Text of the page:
UK issues offshore drilling licences
The UK government has awarded 46 new exploratory drilling licences to firms, including Shell and Centrica, looking for oil and gas.
The awards were initially held back due to environmental concerns.
However the government says it is now confident exploring in the regions, including the English Channel, North Sea and West of Shetland, is safe.
Environmental groups have criticised the decision saying the drilling may put marine ecosystems at risk.
"There is insufficient data with regards to the complexity of the marine environment in these areas," said Adam Ma'anit from environmental pressure group Platform.
"It is highly irresponsible for [the Department of Energy and Climate Change] to sign off on any concomitant oil and gas expansion in the region."
However the government says safeguards have been put in place.
"Oil and gas remains crucial to the UK economy - contributing around 2% to the country's GDP," said energy minister Charles Hendry.
"These further licences have been subject to rigorous examination, and we are now satisfied that initial exploration can go ahead."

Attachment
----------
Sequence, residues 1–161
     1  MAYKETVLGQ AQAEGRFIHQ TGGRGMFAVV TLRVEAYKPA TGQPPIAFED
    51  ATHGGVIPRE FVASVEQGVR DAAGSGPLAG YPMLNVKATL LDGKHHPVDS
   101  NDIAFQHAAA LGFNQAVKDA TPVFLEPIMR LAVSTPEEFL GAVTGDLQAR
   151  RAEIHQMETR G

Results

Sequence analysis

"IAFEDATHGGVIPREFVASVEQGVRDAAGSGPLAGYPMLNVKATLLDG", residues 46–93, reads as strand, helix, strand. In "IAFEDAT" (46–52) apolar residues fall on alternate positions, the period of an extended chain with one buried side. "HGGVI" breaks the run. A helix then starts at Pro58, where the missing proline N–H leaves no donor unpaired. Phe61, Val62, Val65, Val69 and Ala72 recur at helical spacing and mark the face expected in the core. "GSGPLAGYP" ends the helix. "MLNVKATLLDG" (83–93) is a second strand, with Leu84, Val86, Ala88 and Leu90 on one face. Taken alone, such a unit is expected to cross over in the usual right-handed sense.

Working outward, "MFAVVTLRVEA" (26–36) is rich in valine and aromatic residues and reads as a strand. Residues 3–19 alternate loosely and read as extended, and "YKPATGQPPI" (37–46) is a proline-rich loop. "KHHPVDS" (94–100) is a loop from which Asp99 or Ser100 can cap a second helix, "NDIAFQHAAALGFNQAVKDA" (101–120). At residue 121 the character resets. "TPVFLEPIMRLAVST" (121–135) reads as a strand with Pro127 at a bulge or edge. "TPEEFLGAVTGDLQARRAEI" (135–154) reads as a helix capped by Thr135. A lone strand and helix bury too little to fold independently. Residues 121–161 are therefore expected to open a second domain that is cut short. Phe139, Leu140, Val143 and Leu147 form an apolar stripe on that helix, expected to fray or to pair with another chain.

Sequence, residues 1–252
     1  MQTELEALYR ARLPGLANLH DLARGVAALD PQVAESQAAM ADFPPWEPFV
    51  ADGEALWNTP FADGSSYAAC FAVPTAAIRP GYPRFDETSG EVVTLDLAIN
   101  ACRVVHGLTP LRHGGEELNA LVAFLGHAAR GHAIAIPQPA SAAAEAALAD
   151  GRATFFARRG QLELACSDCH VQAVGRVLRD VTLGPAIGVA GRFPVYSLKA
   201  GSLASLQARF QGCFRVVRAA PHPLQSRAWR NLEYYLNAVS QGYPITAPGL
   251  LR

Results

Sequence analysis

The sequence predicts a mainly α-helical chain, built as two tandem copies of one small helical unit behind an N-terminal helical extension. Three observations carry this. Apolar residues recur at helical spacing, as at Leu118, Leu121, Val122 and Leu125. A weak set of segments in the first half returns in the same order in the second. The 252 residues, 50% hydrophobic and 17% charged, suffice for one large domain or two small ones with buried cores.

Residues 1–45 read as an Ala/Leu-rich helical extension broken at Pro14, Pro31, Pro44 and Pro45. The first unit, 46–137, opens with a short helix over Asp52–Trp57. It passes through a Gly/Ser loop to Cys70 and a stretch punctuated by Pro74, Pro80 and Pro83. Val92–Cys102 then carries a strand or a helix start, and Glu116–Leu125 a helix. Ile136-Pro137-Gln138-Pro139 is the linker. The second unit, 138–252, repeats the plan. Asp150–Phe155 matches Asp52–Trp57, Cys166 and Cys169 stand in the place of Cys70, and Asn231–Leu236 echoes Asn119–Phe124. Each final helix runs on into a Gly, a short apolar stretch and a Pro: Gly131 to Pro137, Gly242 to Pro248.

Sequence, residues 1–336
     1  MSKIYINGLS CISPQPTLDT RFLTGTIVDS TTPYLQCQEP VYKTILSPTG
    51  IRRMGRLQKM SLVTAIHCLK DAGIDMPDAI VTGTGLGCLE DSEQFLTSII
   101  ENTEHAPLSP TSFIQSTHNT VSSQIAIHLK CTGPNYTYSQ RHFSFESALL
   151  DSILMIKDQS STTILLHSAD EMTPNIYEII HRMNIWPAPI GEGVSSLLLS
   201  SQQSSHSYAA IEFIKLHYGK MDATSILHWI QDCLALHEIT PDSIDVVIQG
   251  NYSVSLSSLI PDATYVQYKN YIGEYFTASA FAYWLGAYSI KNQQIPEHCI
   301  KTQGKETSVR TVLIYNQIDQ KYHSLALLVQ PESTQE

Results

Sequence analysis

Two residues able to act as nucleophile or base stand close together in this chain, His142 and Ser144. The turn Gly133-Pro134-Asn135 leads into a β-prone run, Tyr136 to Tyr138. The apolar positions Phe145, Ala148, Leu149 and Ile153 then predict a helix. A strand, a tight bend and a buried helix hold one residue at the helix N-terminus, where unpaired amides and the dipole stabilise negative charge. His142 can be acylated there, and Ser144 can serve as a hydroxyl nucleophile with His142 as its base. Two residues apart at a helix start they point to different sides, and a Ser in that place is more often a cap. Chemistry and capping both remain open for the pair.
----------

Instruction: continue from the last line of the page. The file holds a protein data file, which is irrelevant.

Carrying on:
The licences are in the West of Shetland, North Sea Central area, the North Sea Southern area, the English Channel, the North Channel and Morecambe Bay.
However the licensing round, launched in 2010, excluded possible sites in the Moray Firth and in Cardigan Bay, in order to protect marine wildlife, and in the south-west approaches to the English Channel due to a lack of data.
Shell has been offered 6 exploration licences, alongside their partner in the project, Exxon-owned Esso.
GDF Suez, Centrica and RWE are amongst the other beneficiaries, who also include a range of smaller exploration companies.
It is not yet known how much oil and gas will be found in the region, but analysts expect the gas reserves may be larger than oil.
In the summer, BP announced that it and its partners would invest £3bn in redeveloping two oil fields off the Shetland Islands.